The quality and safety of the equipment in the Framingham State University Athletic Center is substandard.
The equipment is outdated and unsafe.
For example, based on my observations, the strength equipment that allows one to lift heavy weights should be bolted down – none of the machines in the gym are.
The heaviness of the weight being lifted could cause the machine to move or fall over, potentially causing injury to the person using it, according to Club Industry, a gym equipment manufacturer.
Framingham State University needs to address this issue, as many students and teams utilize the equipment every day.
You could argue the equipment works fine, and the expense isn’t justified.
However, some FSU students disagree.
Connie Bodemer, a junior ASL major, said she avoids the leg press because of the noise it makes when in use. “The leg press machine makes a weird noise, so I don’t trust it,” said Bodemer.
Kim Thorpe, a junior, agreed. “The leg press machine sounds like it could break at any moment. The hip abductor has snapped and is not usable. I have also noticed broken dumbbells,” she said.
We need to reduce the risk of injuries.
The highest amount of weight a person can utilize on most strength training machines is generally around 360 pounds – someone could get crushed by that amount.
The leg press machine could cave in, a machine not bolted could tip over and fall on a person, and somebody could easily cut themselves on a fragment of a dumbbell.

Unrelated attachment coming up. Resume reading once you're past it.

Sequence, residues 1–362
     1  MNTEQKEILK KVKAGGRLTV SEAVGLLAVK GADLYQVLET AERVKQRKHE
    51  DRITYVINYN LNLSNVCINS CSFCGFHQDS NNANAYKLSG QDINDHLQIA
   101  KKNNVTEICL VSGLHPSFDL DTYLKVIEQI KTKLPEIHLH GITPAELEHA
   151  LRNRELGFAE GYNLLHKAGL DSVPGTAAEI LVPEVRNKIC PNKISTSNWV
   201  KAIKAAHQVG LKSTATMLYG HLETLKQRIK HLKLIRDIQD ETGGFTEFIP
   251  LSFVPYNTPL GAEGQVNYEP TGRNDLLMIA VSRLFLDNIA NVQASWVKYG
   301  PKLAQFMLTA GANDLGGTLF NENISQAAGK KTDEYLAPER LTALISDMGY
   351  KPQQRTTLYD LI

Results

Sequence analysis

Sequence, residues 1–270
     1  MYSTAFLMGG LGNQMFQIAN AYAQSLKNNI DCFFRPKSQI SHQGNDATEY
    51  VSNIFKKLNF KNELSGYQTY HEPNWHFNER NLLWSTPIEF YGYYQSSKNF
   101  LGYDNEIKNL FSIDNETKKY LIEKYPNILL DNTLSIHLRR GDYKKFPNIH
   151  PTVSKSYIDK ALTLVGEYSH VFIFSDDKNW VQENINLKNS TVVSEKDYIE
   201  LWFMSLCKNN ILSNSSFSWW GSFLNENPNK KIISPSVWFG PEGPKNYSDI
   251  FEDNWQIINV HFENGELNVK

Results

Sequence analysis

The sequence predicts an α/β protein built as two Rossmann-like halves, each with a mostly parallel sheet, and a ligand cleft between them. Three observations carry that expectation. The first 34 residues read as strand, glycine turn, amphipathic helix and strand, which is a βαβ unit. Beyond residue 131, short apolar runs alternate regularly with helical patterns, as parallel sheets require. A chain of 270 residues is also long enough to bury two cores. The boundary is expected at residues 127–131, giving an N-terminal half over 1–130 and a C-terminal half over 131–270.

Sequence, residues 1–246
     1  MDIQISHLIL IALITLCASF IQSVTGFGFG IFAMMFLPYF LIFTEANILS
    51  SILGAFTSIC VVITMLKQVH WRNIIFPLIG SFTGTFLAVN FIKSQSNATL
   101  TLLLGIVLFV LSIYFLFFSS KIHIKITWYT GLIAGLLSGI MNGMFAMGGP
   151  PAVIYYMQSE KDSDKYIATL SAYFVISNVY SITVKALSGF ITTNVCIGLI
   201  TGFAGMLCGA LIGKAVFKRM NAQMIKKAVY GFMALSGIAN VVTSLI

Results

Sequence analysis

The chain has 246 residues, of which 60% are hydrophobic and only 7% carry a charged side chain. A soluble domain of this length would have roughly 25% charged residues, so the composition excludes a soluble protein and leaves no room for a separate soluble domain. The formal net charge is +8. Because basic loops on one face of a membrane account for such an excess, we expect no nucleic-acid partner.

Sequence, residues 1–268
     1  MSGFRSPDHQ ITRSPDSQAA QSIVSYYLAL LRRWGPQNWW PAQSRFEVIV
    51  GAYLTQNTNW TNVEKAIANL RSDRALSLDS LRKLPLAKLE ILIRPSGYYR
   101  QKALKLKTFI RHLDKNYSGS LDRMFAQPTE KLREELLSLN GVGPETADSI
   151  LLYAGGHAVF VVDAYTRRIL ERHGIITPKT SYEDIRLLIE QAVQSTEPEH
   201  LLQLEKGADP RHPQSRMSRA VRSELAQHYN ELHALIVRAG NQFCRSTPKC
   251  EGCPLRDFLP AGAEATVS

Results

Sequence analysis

Buying new equipment and bolting it down may be expensive, but it would be worth it to keep students safe. A new piece of equipment costs between $10,000 and $50,000, according to sports equiptment seller primofitnessusa.com, but many equipment companies offer package deals to offset the cost.
For example, the Athletic Department and concerned FSU students could partner with the FSU bookstore to hold FSU merchandise sales around campus to raise money. It’s a lot of money, but I believe it can be done.
A second solution to the problem would be for the athletic department and students to hold information sessions on the dangers of improper gym equipment. The athletic department and concerned students can then go to an FSU Board of Trustees meeting and bring the issue up eith President Cevallos and the board.
The equipment in the gym needs to be fixed sooner rather than later.
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